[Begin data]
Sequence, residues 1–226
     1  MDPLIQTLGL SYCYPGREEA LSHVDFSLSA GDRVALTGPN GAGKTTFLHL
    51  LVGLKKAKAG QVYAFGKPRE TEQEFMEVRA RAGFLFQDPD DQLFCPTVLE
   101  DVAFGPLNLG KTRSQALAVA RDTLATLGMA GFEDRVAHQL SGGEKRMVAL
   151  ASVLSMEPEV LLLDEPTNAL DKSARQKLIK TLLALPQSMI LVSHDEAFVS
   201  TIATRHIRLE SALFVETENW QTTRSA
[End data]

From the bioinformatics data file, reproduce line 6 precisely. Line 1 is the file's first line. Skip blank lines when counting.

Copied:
   201  TIATRHIRLE SALFVETENW QTTRSA